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GOP leaders throw cold water on voting-rights compromise

House Democrats have offered GOP leaders a voting-rights compromise, For now, Republicans aren't interested.
Voting booths await voters in Red Oak, Iowa, Tuesday, June 3, 2014, ahead of the Iowa primary elections.
Voting booths await voters in Red Oak, Iowa, Tuesday, June 3, 2014, ahead of the Iowa primary elections.
The original plan on Capitol Hill was for members to spend the month of July working on spending bills to prevent a government shutdown. Confederate flags, of all things, derailed the process, and now even a Democratic proposed compromise is going nowhere.
To briefly recap, Democrats introduced a measure curtailing the display of Confederate flags on graves in federal cemeteries and the sale of Confederate flags in national park gift stores. Southern Republicans balked and the mess has brought the entire federal appropriations process to a halt.
A few weeks ago, Rep. James Clyburn (S.C.), the third-ranking House Democrat, unveiled a compromise solution: Dems will drop their efforts on Confederate flags if Republicans agree to take up the restoration of the Voting Rights Act. Given the bipartisan support the VRA has traditionally enjoyed, it seemed like a decent offer.
The Hill reports that GOP leaders aren't interested in the deal.

House Republican leaders are slamming the brakes on voting rights legislation, insisting that any movement on the issue go through a key Republican committee chairman who opposes the proposal. [...] "Speaker Boehner has said that he believes that the Voting Rights Act has been an effective tool in protecting a right that is fundamental to our democracy. That's why we reauthorized the law for 25 years in 2006," a Boehner spokesperson said Friday in an email. "He also believes that if members want to change the law, those discussions will have to begin at the Judiciary Committee."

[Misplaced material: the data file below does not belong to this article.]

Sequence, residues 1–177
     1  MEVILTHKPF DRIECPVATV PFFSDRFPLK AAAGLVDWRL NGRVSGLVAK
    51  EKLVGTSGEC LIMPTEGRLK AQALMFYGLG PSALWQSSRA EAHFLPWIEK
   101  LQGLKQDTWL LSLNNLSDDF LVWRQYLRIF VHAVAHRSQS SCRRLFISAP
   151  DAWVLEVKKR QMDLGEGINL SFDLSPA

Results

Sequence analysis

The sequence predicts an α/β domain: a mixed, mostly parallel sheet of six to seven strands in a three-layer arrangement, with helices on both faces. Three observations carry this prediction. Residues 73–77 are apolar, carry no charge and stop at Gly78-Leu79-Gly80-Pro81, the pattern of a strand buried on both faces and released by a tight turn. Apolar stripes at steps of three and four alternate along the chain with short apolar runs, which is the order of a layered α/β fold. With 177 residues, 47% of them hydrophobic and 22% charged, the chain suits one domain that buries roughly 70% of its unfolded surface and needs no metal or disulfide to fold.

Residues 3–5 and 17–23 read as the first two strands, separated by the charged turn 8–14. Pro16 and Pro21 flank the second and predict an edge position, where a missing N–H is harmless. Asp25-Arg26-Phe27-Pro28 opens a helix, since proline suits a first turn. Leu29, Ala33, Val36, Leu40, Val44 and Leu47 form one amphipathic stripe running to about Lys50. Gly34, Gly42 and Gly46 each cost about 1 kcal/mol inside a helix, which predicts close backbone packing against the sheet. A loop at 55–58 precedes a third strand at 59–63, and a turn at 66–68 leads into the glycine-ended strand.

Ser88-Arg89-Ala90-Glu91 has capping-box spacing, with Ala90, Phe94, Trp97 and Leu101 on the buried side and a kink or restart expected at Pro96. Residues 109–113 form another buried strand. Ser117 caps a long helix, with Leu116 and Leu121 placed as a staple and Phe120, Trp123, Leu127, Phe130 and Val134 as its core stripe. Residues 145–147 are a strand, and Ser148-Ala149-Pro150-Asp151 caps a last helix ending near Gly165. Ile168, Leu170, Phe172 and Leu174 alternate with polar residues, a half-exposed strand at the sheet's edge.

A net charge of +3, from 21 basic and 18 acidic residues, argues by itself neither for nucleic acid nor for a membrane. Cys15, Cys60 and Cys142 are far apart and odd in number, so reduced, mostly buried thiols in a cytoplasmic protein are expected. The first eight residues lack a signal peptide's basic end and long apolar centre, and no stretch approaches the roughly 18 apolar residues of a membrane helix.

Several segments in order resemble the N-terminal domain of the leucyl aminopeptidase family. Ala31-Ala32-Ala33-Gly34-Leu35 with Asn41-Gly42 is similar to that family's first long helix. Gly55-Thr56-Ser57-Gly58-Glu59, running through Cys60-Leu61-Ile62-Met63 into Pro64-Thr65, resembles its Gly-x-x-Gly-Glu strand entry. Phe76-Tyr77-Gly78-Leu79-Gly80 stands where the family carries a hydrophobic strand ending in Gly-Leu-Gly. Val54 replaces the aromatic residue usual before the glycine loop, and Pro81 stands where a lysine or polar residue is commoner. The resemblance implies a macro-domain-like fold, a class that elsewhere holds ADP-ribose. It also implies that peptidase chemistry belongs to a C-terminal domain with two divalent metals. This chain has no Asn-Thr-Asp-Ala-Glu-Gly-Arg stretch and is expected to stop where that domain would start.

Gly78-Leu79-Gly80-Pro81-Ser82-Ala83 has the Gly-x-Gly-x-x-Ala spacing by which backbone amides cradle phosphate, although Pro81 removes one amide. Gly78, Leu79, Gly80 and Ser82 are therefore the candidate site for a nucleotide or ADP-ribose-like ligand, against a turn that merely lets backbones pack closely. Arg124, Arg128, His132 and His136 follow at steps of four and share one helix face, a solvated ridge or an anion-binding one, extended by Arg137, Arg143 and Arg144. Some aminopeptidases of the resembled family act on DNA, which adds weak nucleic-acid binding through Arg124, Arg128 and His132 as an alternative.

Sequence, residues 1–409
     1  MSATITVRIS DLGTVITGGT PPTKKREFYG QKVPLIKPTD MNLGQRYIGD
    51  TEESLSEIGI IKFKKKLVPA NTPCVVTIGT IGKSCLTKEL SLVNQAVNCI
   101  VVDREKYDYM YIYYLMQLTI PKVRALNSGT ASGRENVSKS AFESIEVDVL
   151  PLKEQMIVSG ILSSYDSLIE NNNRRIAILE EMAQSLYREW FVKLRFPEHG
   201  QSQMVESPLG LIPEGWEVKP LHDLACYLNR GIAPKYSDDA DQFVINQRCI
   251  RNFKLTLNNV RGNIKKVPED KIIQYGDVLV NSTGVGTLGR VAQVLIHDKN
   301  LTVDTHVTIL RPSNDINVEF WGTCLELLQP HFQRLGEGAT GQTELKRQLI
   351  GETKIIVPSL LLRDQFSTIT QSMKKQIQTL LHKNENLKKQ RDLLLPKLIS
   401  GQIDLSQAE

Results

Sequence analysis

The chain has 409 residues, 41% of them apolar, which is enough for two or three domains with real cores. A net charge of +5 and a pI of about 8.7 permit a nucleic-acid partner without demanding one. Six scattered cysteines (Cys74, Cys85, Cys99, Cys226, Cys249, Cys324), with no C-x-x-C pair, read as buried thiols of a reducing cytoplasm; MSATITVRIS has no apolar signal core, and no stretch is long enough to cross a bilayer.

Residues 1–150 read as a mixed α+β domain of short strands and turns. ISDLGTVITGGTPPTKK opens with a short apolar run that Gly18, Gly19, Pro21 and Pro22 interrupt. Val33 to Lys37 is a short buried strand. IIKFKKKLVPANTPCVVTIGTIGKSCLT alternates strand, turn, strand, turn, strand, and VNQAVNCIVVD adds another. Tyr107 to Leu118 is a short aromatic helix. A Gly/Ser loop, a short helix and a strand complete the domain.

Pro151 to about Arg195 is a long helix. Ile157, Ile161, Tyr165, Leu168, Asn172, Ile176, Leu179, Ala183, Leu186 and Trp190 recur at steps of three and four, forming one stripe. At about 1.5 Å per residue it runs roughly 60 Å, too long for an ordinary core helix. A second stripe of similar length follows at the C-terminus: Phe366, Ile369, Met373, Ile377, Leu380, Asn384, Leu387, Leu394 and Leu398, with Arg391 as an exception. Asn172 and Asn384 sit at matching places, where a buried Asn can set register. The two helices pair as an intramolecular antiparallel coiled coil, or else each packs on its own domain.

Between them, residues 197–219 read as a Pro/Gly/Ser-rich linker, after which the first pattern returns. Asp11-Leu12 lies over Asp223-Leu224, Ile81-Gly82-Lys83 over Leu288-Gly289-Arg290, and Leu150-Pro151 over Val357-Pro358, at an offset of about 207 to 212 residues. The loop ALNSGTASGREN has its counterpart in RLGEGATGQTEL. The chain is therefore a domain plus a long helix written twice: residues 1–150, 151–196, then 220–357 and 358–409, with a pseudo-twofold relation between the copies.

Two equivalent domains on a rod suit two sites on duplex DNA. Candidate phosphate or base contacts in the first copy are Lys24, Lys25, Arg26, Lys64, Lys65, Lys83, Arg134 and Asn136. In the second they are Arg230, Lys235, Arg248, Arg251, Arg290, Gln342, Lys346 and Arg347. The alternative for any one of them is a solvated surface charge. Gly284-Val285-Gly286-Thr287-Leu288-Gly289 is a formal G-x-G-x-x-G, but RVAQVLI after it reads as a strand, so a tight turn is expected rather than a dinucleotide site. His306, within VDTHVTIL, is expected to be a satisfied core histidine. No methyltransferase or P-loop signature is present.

This argument is a mess. Note, Democrats don't want to "change" the Voting Rights Act; they want to restore it after the Supreme Court gutted the law and encouraged Congress to revisit its key provisions.
Clyburn's proposed solution doesn't even require passage of the revised VRA; he's just asking for an up-or-down floor vote -- a remedy that the Speaker's office has now rejected.
Maybe the GOP-led House Judiciary Committee will take up the proposed fixes to the Voting Rights Act? No. The committee's far-right chairman, Rep. Bob Goodlatte (R-Va.), has already said explicitly that he likes the status quo -- which is to say, the gutted VRA -- just the way it is.
So, House Republicans won't repair the Voting Rights Act; they won't approve the proposed Confederate flag amendments; and they won't consider a compromise that combines the two fights.
A month ago, I would have said the odds of a government shutdown are quite low, but they're increasing all the time. Between the Republicans' crusade against fetal-tissue research the party has supported for 22 years, and the fight over Confederate symbols and voting rights, it's getting pretty easy to imagine GOP lawmakers shutting down the government again in late September.
Postscript: For more on the bigger picture, I hope readers have already checked out the voting-rights piece in the New York Times Magazine yesterday as well as Ari Berman's brilliant new book, "Give Us The Ballot."